Is that I’ve got to wait my turn

Looks like I got to be hot & cold
I got to be taught and told
Got to be good as gold
But perfectly honestly
I think it would be good for me
Coz it’s a hindrance to my health
If I’m a stranger to myself

Miniature disasters and minor catastrophes
Bring me to my knees
Well I must be my own master
Or a miniature disaster will be
It will be the death of me

I don’t have to raise my voice
Don’t have to be underhand
Just got to understand
That it’s gonna be up and down
It’s gonna be lost and found
And I can’t take to the sky
Before I like it on the ground

Miniature disasters...

Well I must be my own master...
I’ve got to run a little faster...
I need to know I’ll last if a little
Miniature disaster hits me
It could be the death of me


Meribeth said...

I have no idea why, but when I looked at the photo with the trailer stuck in the ground all I could think was, "too much baggage..." Maybe that's a nod to what's been floating around in my head lately...hmmm.

Susan Cushman said...

That's perfect, Meribeth! Especially since I've started trying to organize things to pack for 12 days in Greece... in a small carry-on and a small backpack. that's all I'm taking! So maybe I won't end up like the trailer in the modern art piece! Thanks for writing.

Anonymous said...

Sue tried to post the following, but it landed in my email box instead:

"The Wreck" or "Earthquake." Other suggestions? How about, "The Future of ...Art?" The Picasso - I like the passion of the girl in purple; there's an intensity and yet a peacefulness about her, good things in the midst of creativity. Soul-stirring thoughts on this blog (again). Thanks...

Erin said...

Kandinsky on beauty and the spiritual in art - there's a loaded topic. He, of course, builds on some of Nikolai Gogol's ideas, but I don't think Gogol would have found Kandinsky's art to be the beauty that Gogol said was essential. Rather it would be the opposite of what Gogol preached. Is Kandinsky one of your muses?

Susan Cushman said...

Erin, you assume I know much more than I do about Kandinsky, Gogol, et. al.... "Muse" was too big of a word for me to give Kandinsky... or KT Tunstall, for that matter! (She just happened upon my radar yesterday... might not show up there again for months.) The creative spark in me is fueled by a broad spectrum of music, art, dance and literature. (Sometimes architecture. But also fashion.) I was first drawn to Kandinsky by his paintings. Then as I read a little, I liked how he synthesized music (even dance) and art and some mythical stuff. Gogol... The Overcoat, right? I'm not familiar with his beliefs. I had no idea that he and Kandinsky had opposite views on anything.... your pedigree is showing! (or my lack thereof!) I wouldn't know enough to say whether or not the beauty of Kandinsky's art is "essential" ... I just enjoy it. Sometimes.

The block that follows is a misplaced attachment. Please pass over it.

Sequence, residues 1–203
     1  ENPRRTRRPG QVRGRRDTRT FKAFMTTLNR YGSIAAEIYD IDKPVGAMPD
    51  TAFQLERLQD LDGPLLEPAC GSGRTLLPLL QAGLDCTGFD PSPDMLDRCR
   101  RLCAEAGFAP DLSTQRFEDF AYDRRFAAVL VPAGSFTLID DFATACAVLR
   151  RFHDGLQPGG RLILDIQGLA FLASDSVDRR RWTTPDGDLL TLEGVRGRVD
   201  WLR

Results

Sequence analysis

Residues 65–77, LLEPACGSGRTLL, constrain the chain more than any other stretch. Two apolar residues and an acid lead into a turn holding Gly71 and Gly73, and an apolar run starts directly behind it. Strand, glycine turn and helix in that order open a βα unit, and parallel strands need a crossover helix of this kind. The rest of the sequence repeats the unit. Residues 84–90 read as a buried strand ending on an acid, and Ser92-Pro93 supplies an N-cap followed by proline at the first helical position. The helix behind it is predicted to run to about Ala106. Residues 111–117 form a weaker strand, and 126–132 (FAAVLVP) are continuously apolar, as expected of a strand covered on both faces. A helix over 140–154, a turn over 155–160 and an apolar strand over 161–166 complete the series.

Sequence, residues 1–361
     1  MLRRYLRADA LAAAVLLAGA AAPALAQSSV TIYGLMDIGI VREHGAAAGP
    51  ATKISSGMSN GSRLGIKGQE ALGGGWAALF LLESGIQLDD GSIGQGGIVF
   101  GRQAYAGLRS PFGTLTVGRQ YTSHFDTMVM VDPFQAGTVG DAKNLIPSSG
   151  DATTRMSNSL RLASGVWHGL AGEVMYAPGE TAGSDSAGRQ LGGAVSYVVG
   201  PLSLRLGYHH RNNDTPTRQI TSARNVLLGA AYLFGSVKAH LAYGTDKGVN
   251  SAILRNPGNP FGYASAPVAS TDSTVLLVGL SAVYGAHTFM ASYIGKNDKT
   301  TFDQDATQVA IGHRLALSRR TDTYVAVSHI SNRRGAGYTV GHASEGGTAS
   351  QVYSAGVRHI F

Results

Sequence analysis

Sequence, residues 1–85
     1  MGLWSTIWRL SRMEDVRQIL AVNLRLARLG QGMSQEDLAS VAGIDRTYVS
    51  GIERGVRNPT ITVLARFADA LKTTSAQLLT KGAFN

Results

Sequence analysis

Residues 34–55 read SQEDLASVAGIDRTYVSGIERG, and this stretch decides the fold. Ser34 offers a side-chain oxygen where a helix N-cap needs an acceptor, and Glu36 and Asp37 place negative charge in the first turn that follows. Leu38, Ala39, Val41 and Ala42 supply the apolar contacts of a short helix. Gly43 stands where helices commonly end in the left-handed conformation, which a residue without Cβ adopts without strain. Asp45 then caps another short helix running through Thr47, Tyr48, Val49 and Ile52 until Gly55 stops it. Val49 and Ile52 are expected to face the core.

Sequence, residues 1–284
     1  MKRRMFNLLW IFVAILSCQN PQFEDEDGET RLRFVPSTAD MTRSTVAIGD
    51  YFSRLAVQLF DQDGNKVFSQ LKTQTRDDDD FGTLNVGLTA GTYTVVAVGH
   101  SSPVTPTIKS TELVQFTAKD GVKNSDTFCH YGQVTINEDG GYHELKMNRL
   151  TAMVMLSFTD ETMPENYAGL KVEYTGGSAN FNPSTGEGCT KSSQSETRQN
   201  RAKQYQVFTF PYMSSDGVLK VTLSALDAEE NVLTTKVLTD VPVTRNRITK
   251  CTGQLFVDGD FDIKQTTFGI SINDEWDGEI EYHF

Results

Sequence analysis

What moves me is often much less ethereal stuff ... I just got weepy watching Martina McBride sing "Anyway" on CMT... so there you go.

So... I'm using "muse" pretty loosely here. And certainly not in a seriously spiritual realm.

I love hearing from you. Adds a little ivy league to my blog:-)

Erin said...

Uh, not really ivy league . . . More like "someone who has sort of read a few things." Literature isn't really my area anyway. I like a lot of Kandinsky's art, too. For Gogol's thoughts on art, read his short story "The Portrait." Not saying I agree with him or that I don't agree with him, it's just interesting. I'm not sure if I have an opinion about art and beauty as it relates to the spiritual. And I've never even read Kandinsky's book on the topic. I do like a great art museum, though. Actually, Lex is studying Kandinsky in his art class this month. Yes, Kandinsky is in his 1st grade curriculum. Cool, huh? The art curriculum is my favorite of everything Lex is doing this year.

Erin said...

Oh, and I love the way that Kandinsky combines music with the visual arts. That is so fascinating to me. Feeds the long-ago dancer in me, I think.